Hour by hour I place my days in your hand… Psalm 31:15 (MSG)
I Place My Days in Your Hand – The Time Series – Part 5
When you strip everything back, all we REALLY have is this day, our minds, our hearts, and our bodies, and this moment. We have the choice to spend those resources wisely.
We can take time to be fully present here, right now, at this moment. And we can make this moment one that sets up the next, and the next, and the next…
Living in the moment is not unthinking, selfish, or wasteful living. It's not some new age woo-woo. In fact, it's quite the opposite. Its the disengagement from the distractions that fight aggressively for your attention. It's to be awake, aware and alive to all of life going on around you and in you. It's prayer in motion. Showing up and being present to whatever is before you.
When we number our days, we’re not passing the time; we’re not accumulating a number or a notch; we’re simply choosing to live deeply and fully every day. Wasting nothing, cherishing all. It’s a challenging way to live. Which makes it the most rewarding way to live.
Sometimes numbering my days looks like letting the kids stay in their PJ’s, making popcorn and telling funny stories.
Sometimes numbering my days looks like giving myself to my work.
Sometimes numbering my days looks like picking up the phone and making that phone call I’ve waited too long to make.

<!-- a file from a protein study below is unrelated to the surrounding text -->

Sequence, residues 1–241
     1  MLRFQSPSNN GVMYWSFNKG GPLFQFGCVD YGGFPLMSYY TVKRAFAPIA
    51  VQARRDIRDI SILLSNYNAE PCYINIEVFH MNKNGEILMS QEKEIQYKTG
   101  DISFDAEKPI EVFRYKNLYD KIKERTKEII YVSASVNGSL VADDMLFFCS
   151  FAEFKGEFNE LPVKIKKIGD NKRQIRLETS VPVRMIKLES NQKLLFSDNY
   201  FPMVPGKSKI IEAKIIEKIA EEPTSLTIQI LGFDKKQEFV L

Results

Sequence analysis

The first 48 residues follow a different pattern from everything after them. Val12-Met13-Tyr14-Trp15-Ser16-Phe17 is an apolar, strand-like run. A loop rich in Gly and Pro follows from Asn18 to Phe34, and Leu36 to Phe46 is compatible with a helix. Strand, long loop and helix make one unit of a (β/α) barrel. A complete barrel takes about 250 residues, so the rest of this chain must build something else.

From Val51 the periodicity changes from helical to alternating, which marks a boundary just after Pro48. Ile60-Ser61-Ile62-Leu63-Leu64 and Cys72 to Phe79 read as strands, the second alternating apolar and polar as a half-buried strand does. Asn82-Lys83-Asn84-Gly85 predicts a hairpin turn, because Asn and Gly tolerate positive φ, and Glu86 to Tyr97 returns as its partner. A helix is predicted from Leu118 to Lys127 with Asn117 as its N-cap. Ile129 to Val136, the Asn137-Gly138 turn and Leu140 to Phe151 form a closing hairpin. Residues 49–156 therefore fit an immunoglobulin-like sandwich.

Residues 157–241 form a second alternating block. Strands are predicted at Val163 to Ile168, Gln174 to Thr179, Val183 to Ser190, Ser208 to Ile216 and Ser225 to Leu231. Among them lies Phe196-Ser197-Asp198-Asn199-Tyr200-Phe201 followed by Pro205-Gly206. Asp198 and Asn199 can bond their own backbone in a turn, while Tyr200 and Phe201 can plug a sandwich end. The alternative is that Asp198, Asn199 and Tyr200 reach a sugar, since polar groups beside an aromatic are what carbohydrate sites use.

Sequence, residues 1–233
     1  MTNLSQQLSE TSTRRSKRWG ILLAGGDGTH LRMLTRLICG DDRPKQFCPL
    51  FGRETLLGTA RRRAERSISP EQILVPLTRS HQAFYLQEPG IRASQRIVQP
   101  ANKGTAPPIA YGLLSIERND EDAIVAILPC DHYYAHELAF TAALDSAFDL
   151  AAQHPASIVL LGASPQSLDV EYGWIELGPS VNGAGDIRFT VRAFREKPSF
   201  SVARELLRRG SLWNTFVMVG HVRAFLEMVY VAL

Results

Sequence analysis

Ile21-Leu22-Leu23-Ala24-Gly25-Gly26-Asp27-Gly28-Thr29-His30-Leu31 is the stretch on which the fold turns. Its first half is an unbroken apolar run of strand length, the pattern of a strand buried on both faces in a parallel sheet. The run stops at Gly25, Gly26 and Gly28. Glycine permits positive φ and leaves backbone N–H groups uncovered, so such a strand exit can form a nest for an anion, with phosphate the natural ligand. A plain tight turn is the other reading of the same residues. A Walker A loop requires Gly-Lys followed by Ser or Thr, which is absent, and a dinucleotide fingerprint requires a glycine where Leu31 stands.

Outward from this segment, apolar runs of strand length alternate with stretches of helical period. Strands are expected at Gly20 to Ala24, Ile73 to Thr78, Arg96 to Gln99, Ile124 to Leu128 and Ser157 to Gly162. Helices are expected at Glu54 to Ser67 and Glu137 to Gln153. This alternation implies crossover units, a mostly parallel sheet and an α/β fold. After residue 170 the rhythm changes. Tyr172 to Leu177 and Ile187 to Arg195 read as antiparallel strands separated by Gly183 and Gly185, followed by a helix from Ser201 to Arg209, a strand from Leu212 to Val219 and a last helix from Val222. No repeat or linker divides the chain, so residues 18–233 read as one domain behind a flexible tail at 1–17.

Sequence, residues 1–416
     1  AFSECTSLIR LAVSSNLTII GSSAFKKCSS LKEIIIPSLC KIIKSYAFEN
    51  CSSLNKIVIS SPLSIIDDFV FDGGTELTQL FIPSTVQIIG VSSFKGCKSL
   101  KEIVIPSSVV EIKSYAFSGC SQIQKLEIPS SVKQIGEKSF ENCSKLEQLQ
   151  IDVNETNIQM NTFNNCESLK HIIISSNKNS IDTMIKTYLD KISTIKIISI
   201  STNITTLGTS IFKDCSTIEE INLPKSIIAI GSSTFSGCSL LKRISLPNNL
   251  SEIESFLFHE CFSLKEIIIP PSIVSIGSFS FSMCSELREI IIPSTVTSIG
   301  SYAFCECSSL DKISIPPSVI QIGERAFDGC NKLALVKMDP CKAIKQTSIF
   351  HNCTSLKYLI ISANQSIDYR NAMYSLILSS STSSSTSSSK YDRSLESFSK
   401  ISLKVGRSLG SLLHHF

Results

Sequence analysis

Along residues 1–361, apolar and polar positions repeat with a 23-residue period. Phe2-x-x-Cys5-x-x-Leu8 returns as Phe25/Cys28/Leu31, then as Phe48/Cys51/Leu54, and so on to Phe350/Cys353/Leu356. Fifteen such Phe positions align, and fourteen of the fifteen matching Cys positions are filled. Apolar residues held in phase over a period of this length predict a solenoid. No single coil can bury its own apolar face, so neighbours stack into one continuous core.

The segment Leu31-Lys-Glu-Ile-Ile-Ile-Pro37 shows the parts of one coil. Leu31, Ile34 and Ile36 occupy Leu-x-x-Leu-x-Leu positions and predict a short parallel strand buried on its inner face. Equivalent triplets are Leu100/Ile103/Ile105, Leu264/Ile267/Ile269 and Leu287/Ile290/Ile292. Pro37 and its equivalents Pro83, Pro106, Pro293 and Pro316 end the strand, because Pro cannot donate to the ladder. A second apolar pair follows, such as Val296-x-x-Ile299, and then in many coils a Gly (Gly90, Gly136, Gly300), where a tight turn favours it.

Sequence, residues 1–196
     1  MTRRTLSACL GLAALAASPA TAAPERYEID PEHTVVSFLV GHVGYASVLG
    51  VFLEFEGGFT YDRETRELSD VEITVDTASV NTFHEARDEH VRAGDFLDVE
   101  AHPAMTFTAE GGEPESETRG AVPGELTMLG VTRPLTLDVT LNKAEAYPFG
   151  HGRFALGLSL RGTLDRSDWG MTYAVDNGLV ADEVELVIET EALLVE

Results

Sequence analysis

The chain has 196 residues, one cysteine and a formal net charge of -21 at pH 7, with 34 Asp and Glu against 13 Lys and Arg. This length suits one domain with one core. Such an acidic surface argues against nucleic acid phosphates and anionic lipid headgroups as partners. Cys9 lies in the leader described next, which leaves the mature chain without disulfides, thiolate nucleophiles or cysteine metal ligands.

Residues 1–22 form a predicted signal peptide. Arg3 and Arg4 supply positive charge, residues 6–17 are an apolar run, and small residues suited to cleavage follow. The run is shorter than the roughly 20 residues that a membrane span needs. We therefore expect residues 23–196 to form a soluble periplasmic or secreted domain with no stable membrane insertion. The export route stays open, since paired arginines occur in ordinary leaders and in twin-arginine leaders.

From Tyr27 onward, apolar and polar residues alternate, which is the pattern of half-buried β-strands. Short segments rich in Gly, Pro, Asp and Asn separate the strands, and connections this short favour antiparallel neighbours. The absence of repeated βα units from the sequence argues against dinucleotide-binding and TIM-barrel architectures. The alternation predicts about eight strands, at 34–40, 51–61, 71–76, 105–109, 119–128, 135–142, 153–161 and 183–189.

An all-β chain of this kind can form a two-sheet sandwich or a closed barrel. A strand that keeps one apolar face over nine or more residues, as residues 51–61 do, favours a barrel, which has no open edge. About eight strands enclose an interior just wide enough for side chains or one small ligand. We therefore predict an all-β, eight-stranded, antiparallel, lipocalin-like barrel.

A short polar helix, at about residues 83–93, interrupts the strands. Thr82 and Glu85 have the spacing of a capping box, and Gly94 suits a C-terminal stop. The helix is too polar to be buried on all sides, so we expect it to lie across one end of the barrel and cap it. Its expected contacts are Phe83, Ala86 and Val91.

Reading a book about someone's life experience that is completely different to mine.
Educating myself on the politics of my nation.
Baking a meal for a friend.
Going to bed early.
Staying up late.
Watching that horrific story to honor that families pain and allow it to form and shape me in new ways.
Listening to the agitation in my heart rather than ignoring it, leaning into the “what can I do?” part of the questions.
Sometimes it looks like doing a lot; sometimes it looks like doing little.
But every day that I have numbered shares one thing: presence.
Wisdom isn’t found in books or schools or parliaments or even temples and churches. It's found in being present, and being in presence.
This is ultimately how the ancient Hebrews saw time; not as an allotment of minutes to accumulate more stuff, but an opportunity to be present; to look life full in the face, and engage it as it is happening.
“The higher goal of spiritual living is not to amass a wealth of information, but to face sacred moments. In a religious experience, for example, it is not a thing that imposes itself on man but a spiritual presence. What is retained in the soul is the moment of insight rather than the place where the act came to pass. A moment of insight is a fortune, transporting us beyond the confines of measured time.” Abraham Heschel.